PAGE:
Clarifying the UNFCCC National Adaptation Plan Process
As governments and citizens look for ways to reduce the risks they face from climate change, one option at their disposal is the National Adaptation Plan (NAP) process developed under the U.N. Framework Convention on Climate Change (UNFCCC). Heather McGray draws on her experience at the Experts Meeting on the NAP Technical Guidelines in Tanzania to explain key features of the NAP process.
What is the NAP process?
The National Adaptation Plan (NAP) process helps countries conduct comprehensive medium- and long-term climate adaptation planning. It is a flexible process that builds on each country’s existing adaptation activities and helps integrate climate change into national decision-making. The Parties to the UNFCCC established the NAP process in 2011 in Durban, outlining four flexible planning elements. Then, in 2012, a UNFCCC experts group developed a detailed set of NAP technical guidelines to assist developing countries, especially the least developed countries (LDCs), with adaptation planning.
Why do the NAP guidelines focus on “the NAP process” instead of the “plans” themselves?
The emphasis on “the NAP process” in the Durban decision and technical guidelines signals several things:
An Integrated Approach: The NAP process aims to integrate climate risk into national development planning, policies, and programs.
Country-Specific Solutions: Not all NAPs will produce the same type of plan. Countries each develop a national planning process with outputs tailored to their specific needs.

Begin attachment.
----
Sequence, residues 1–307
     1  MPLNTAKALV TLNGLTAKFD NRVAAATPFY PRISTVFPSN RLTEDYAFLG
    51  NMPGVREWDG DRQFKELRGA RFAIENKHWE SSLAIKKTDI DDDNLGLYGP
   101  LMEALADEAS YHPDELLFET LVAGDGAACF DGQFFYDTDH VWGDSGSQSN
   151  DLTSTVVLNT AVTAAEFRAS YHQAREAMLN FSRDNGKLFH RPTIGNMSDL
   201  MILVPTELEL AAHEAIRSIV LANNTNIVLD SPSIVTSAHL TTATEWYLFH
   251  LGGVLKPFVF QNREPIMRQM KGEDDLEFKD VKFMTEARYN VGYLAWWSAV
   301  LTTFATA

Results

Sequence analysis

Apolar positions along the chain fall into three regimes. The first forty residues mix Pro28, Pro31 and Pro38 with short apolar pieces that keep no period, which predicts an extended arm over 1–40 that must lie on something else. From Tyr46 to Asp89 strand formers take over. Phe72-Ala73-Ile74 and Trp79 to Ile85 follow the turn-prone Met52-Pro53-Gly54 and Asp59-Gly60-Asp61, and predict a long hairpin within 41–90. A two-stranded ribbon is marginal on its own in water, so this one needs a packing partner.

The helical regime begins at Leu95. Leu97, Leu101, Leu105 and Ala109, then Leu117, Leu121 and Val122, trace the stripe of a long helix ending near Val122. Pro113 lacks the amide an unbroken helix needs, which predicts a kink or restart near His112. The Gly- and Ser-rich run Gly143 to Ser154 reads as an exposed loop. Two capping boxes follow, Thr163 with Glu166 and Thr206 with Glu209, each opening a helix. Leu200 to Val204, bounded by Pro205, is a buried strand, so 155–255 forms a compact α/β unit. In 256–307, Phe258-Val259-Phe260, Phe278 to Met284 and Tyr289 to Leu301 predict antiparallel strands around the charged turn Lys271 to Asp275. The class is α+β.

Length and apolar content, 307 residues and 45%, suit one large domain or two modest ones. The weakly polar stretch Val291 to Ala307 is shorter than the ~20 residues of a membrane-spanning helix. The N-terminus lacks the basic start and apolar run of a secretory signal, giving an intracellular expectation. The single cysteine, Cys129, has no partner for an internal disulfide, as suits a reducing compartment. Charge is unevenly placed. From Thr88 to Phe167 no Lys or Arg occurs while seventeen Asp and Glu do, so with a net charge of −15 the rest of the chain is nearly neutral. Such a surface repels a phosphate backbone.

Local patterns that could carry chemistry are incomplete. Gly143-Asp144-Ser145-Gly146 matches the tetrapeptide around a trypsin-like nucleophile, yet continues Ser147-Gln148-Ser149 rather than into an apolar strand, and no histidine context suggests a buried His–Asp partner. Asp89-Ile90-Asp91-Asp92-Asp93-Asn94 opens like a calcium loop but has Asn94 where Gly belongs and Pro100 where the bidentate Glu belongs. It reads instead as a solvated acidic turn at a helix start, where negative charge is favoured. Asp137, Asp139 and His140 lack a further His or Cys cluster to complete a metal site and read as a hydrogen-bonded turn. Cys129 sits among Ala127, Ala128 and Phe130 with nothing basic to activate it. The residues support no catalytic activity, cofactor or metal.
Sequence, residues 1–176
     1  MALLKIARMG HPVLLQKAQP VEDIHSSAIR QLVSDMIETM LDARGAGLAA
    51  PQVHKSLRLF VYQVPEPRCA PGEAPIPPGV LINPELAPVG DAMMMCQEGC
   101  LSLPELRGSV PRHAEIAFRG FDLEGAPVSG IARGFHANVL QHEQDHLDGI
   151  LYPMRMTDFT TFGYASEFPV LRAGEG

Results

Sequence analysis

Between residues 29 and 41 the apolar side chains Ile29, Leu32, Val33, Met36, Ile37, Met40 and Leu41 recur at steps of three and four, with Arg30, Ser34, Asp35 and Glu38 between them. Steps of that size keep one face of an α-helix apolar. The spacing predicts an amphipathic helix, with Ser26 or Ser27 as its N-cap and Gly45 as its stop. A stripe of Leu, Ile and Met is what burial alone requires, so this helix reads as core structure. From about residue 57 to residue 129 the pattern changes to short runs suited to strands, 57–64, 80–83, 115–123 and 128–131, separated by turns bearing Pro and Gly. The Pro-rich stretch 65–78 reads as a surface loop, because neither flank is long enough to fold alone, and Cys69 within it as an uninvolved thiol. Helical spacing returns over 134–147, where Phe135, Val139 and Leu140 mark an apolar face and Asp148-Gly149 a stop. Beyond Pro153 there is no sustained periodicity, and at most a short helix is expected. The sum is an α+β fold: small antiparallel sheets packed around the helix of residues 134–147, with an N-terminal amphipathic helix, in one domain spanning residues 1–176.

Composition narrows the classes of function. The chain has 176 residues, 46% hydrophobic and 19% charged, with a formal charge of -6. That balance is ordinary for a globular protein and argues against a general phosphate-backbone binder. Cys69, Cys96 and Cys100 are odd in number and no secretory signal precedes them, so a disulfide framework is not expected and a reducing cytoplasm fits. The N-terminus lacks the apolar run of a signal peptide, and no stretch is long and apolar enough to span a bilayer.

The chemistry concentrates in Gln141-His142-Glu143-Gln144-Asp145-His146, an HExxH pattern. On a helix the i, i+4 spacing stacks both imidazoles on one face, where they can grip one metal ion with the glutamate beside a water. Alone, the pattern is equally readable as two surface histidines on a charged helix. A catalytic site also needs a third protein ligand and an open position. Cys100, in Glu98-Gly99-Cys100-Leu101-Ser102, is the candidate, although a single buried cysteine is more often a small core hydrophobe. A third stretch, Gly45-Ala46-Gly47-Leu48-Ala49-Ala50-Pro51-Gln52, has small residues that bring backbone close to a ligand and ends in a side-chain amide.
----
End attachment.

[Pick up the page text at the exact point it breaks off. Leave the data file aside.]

Continuity: Medium- and long-term adaptation planning is an iterative, ongoing process, not a one-time activity.
Is a NAP the same thing as a NAPA?
No. The National Adaptation Programs of Action (NAPAs) use a less flexible, eight-step process that results in a list of discrete projects, not a holistic plan. The UNFCCC established the NAPAs in 2001 to help the least developed countries address their most urgent and immediate adaptation needs. Completing a NAPA made the least developed countries eligible to apply for NAPA project funding under the Global Environment Facility’s Least Developed Countries Fund. The NAP process, on the other hand, is not currently linked directly to a funding source, and the Durban NAP decision specifically invites all developing countries, not just the least developed, to undertake NAPs. The Global Environment Facility has created a NAPs Support Program, however, which consists of a series of regional workshops and other technical assistance activities for LDCs launching NAPs.
How does the NAP process work?
The process has four main “elements,” (see text box) each of which consists of 4-5 “steps.” However, the NAP guidelines provide broad flexibility to encourage planners to take only those NAP steps relevant to their country, and to do them in whatever order is most appropriate to their national circumstances. Typically, an early step in a country’s NAP process is to chart a “roadmap” that specifies the scope of the NAP process, roles and responsibilities of those involved, and the sequence of planning steps for that country.
The NAP guidelines are long and complicated. Can someone simplify them?